Let me say up front that I don’t normally like Jim Carrey movies. He’s like a less funny, flatulent version of
Carl Allen (Carrey) is the definition of a drone. His life is a well-worn path consisting of work, the video store, and falling asleep on his couch. His wife left him over a year ago, his job as a junior loan officer is a dead end that only encourages his tendency to say no to life. A chance meeting with Nick (John Michael Higgins), whom we are given little information about and are meant to assume is “an old friend,” and Nick’s raves about how the power of yes changed his life push Carl to attend a motivational seminar by Terrence Bundley (Terence Stamp) during which he is singled out.
Bundley pushes Carl into making “a covenant” with himself: say yes to every opportunity that comes along. What follows is a series of experiences some absurd – like the homeless man who ends up stranding Carl with no working cell phone, no cash, and a car with no gas in a park nowhere near Carl’s house – some plausible and rewarding – the aforementioned stranding connects Carl with Allison (Zooey Deschanel) who, in truth, is the film’s moral and spiritual center to the pliable Carl.
Carl’s embrace of Bundley’s theory of life, open yourself to yes, embrace the possibilities, leads implausibly to an encounter with the FBI as Carl’s activities – learning to fly, to speak Korean, spontaneously taking a trip to Lincoln Nebraska with Allison – seem to suggest a pattern of terrorist activities. This implausible encounter is the movie’s linchpin, the one on which its thematic lesson turns, and it’s the most egregious example of the film violating its own internal logic. Yes, people can change but how likely to motivate you out of stupor is an encounter with someone you haven’t seen for a number of years, particularly when that person closes out your meeting by throwing a rock through the front window at your place of employment and running from security?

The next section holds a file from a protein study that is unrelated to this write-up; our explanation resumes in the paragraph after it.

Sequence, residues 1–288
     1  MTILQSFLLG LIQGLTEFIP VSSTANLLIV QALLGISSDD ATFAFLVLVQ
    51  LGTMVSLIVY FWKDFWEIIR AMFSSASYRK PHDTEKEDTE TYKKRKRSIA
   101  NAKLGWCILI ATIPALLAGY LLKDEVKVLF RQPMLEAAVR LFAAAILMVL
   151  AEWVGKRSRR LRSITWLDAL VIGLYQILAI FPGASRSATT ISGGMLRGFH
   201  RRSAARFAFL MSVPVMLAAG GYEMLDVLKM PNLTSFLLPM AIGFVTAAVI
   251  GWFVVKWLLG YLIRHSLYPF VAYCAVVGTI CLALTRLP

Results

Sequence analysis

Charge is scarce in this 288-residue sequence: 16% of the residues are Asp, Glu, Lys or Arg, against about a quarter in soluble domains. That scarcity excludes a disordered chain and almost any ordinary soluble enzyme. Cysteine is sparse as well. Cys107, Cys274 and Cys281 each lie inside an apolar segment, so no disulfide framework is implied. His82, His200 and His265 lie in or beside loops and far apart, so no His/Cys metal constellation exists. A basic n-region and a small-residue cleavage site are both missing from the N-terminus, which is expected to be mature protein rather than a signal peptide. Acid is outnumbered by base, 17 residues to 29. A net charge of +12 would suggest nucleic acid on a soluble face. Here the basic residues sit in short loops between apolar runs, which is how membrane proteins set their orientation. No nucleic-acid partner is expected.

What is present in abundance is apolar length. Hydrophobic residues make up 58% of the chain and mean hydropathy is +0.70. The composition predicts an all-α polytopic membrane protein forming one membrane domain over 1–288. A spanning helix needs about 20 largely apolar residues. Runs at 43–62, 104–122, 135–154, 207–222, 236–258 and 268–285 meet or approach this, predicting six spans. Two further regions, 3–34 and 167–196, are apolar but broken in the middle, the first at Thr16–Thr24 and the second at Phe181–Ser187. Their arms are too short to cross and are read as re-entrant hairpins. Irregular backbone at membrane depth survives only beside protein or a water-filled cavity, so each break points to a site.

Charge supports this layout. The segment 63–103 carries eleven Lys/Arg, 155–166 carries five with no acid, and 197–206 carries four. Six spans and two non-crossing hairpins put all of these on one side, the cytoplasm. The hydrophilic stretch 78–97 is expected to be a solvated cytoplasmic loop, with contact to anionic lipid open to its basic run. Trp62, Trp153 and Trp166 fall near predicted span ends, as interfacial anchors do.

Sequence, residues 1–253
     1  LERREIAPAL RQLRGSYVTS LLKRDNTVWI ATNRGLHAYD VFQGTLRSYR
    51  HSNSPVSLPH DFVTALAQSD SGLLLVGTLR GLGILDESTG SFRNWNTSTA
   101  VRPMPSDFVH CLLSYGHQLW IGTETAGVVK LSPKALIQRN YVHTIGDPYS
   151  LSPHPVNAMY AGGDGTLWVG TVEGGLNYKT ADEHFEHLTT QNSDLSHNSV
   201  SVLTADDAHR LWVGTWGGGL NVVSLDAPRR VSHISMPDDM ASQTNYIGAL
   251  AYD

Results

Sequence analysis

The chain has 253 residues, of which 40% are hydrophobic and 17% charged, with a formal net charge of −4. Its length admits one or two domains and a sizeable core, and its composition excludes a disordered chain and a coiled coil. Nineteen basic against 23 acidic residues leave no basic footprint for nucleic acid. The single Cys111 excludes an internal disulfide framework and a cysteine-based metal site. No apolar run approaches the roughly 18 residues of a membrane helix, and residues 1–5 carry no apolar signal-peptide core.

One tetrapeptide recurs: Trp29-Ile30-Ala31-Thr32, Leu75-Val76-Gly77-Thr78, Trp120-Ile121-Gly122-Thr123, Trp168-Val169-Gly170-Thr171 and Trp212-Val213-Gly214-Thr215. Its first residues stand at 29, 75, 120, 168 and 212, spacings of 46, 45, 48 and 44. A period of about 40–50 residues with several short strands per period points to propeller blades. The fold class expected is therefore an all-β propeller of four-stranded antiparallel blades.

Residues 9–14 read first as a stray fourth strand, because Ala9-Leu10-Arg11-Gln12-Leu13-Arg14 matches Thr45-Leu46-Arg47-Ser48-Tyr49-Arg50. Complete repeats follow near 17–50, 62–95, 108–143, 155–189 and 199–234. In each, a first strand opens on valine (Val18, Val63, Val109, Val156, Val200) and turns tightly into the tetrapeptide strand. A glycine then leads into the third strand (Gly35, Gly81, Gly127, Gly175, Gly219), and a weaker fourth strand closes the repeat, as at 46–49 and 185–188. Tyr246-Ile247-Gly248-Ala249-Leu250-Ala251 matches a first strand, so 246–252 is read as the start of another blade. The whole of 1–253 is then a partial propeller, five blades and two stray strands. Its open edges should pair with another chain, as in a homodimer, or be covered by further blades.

The premise of ‘Yes Man’ is more than timely in this era of hope and “yes, we can” political change. Unfortunately, a thin script, strange casting (Carrey looks every minute of 46 which makes his romance with the 28 year-old Deschanel a tad bit creepy) and direction (Danny Masterson as one of Carl’s friends goes from over-grown party boy to slime ball in less than 20 minutes of screen time), and what is basically a walk-on by Jim Carrey squander what could have been a great teaching-through-pop-culture moment.